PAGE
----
Students in the Talkin’ Trash capstone conduct a waste audit of campus trash.
Students from Advanced Environmental Policy visit the state legislature in Harrisburg.
Students plant culturally and ecologically important species at the food forest.
Students develop problem-solving skills through integrative course work and experiential learning both inside and outside the classroom. When confronting the challenge of fostering sustainability our students get their boots muddy and their hands dirty with work on applied projects in the areas of climate change, action, and justice; biodiversity and wildlife conservation; agriculture and food systems, with emphasis on food security and sovereignty; circular economies, waste studies, and recycling; Geographic Information Systems (GIS); urbanization, land-use change, and planning; ocean and freshwater systems; geology; and the ongoing stewardship of natural resources.
Students develop their theory-informed insights in integrative classes; hone their analytical, technical, and laboratory skills through course-based and co-curricular experiences; and test creative solutions in a variety of ways, including
- working with campus and off-campus community partners on ecological restoration, ecological reconciliation, environmental management, and waste reduction projects in the area
- seasonal engagement with food production at the campus farm and Whittaker Environmental Research agroecological field site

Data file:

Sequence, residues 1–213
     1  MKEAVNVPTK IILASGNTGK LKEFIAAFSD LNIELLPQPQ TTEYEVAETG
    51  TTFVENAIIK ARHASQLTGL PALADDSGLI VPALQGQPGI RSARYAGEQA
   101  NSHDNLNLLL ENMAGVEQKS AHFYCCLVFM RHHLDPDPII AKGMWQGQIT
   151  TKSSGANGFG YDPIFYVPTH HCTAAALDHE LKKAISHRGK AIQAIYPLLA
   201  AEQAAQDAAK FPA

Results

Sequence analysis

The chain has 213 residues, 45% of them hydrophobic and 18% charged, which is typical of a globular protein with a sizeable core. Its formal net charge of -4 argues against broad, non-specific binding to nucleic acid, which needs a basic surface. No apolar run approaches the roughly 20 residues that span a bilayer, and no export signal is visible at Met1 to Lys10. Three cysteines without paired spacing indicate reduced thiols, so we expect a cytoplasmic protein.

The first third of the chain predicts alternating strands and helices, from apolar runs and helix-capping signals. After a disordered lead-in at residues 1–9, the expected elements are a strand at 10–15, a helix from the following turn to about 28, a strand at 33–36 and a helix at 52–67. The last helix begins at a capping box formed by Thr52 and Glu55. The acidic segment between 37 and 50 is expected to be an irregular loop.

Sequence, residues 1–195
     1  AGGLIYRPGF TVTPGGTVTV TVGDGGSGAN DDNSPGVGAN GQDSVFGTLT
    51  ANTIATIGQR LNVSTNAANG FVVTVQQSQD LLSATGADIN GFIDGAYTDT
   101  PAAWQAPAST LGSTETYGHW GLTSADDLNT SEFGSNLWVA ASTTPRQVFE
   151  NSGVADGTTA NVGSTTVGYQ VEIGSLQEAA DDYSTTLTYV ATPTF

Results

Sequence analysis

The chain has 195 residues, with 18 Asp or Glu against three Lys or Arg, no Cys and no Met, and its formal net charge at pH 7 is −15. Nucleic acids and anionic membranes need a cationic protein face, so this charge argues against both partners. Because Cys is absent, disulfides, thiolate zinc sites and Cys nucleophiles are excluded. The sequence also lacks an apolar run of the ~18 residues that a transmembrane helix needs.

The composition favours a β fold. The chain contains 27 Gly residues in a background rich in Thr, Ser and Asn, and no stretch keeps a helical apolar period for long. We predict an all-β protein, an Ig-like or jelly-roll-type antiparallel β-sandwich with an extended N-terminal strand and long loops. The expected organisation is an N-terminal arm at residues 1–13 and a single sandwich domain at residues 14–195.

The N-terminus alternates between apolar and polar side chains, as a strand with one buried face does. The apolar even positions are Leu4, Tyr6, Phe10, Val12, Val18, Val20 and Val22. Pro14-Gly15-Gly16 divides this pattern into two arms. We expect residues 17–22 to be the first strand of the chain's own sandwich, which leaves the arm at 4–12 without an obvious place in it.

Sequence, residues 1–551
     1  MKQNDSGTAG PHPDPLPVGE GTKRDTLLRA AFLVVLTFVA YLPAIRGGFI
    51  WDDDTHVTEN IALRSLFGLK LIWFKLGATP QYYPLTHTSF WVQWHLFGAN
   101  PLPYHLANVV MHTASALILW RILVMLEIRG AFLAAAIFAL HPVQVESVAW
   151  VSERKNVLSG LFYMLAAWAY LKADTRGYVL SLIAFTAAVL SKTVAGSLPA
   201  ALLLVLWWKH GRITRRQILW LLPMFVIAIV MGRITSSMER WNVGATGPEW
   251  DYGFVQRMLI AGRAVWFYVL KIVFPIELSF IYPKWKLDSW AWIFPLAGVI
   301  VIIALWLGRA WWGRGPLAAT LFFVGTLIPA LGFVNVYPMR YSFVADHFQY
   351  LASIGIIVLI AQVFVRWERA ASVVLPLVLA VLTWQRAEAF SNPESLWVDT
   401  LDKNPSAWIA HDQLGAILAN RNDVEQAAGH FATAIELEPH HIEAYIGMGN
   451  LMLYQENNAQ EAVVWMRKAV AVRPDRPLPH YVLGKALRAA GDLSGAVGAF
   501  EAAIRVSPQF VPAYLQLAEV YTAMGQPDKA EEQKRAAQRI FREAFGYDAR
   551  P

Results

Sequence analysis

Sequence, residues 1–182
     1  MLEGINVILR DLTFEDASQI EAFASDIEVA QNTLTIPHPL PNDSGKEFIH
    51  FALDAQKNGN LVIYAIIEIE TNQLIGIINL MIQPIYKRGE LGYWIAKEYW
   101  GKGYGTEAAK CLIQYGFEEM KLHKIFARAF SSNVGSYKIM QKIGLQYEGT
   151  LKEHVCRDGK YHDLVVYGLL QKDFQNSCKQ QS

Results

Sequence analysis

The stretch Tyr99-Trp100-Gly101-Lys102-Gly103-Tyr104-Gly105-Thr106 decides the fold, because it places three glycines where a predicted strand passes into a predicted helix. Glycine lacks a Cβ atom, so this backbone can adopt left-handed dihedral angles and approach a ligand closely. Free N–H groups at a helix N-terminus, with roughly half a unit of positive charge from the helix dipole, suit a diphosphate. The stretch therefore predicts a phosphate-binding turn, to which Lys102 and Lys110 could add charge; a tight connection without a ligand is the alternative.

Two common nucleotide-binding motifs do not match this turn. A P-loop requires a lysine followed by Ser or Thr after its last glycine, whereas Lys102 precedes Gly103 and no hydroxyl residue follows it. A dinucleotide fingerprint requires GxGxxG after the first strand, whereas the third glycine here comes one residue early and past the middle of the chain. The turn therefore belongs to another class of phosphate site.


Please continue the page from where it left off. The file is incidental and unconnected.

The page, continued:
- sustained stewardship of the Ursinus Food Forest and other campus greenspaces across multiple semesters
- sustained engagement with the BearShare circular economies endeavor across multiple semesters
- field trips to regional conservation areas and facilities
- and meetings with champions of conservation and sustainability
Majors and minors can choose to focus their exploration of environmental problems broadly or more intensively by selecting one of six concentrations: applied sustainability, biodiversity and wildlife conservation, climate change, earth and environmental science, environmental justice, and food studies. Each concentration offers a distinctive path through the base major and a focused set of course-based and experiential learning experiences. The department also supports students interested in Marine Science.
As part of their learning, students also have the opportunity to shape the College’s commitment to the Welcome Home Project, working both 1) to affirm the acknowledgment of our campus’ location in Lënapehòkink, or the traditional homelands of the Lenape people, and 2) realize critical elements of the Statement of Mutual Intentions signed by the College with the five federally recognized Tribes (U.S. and Canada) that comprise the Lenape.